June 24, 2017
June 24, 2017
June 28, 2017
Traditionally, Engineering Management (EM) courses have formed part of graduate programs. These courses usually included some type of asynchronous learning delivery system to give more flexibility to the students who had a full-time job and family commitments. The relevance of acquiring business and social skills to succeed in the industry has become evident. Thus, an increasing number of universities have incorporated EM courses into the undergraduate curriculum with many offering minors in EM. The new EM courses at the undergraduate level carried with them asynchronous learning characteristics that allow for distance learning and online interaction giving students more flexibility compared to traditional synchronous courses. Through this research, the differences in learning outcomes and engagement across four different types of undergraduate students belonging to a traditional, a blended, or an online EM course, have been studied for the first time. These differences were analyzed for a quantitative course and a qualitative course across five consecutive terms. A total of 390 students from the University of Colorado-Boulder participated in the study. The results indicate that learning outcomes, such as homework and tests grades, improved when transitioning from a traditional course to a blended course to an online course. However, when comparing face-to-face and distance students within blended courses, distance students showed to have a lower learning quality experience than face-to-face students. The results of this study can aid institutions in making decisions regarding course modality implementation.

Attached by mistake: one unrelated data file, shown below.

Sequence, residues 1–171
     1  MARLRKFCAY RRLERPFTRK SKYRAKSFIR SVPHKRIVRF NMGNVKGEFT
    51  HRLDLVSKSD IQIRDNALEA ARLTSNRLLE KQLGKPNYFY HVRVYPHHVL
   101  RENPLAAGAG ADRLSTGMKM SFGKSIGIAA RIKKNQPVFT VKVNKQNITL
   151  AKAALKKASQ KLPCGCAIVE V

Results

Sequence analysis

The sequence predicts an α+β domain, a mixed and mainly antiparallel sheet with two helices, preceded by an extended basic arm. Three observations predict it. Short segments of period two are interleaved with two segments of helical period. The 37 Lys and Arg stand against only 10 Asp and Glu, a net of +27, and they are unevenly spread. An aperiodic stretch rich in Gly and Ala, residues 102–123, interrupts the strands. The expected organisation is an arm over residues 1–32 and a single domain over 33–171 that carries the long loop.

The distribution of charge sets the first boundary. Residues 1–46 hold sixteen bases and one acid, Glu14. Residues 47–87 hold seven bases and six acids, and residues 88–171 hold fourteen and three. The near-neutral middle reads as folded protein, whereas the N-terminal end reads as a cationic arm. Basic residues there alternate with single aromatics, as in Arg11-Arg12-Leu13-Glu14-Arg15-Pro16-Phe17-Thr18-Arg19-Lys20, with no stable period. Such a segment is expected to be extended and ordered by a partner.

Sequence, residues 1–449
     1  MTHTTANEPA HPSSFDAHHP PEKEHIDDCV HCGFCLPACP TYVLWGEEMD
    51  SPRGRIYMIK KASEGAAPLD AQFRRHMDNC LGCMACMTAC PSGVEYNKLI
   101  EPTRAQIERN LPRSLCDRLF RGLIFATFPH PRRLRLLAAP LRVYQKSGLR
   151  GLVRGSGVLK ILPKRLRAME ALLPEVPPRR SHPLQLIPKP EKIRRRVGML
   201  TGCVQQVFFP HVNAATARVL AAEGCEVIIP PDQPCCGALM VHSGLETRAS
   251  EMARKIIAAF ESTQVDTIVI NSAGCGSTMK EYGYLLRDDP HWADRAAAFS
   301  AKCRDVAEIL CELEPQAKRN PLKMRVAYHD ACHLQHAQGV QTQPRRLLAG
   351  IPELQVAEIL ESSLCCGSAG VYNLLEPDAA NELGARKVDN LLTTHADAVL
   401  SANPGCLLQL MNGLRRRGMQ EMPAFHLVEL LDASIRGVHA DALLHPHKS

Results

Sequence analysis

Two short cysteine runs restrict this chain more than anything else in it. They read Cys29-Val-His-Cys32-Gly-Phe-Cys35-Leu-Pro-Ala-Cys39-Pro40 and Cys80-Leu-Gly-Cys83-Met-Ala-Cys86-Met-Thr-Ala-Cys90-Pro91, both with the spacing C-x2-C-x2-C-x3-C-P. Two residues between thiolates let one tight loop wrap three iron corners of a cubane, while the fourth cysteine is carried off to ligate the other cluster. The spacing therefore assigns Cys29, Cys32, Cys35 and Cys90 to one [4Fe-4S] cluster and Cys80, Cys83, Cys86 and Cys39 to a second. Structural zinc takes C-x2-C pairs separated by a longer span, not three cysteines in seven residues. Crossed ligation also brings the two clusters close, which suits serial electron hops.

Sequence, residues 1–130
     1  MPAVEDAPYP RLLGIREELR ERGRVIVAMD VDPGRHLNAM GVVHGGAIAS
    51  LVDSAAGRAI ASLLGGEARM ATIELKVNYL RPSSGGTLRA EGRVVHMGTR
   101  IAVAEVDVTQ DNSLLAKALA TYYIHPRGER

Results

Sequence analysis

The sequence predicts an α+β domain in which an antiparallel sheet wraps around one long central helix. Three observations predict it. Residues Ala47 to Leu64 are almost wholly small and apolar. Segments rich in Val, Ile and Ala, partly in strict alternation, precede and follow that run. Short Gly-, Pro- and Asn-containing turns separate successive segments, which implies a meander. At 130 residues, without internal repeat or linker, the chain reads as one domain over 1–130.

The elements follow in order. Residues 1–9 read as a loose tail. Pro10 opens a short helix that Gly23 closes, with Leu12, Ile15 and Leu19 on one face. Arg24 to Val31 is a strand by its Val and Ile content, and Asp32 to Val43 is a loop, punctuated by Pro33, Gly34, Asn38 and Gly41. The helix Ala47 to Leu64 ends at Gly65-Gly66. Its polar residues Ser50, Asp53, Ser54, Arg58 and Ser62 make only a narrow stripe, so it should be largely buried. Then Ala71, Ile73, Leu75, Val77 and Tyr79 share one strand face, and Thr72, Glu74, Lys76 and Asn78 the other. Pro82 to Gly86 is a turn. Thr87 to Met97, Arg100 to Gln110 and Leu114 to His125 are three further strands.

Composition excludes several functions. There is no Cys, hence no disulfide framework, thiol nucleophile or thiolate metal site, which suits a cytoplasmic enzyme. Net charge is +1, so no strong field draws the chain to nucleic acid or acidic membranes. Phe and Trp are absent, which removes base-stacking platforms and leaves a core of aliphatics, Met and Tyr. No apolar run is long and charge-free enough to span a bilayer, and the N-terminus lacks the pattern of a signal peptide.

Techera, U. D., & Bozic, C., & Murray, S. (2017, June), Differences in Learning Outcomes and Engagement Across Traditional, Blended, and Online Engineering Management Undergraduate Courses Paper presented at 2017 ASEE Annual Conference & Exposition, Columbus, Ohio. 10.18260/1-2--28177
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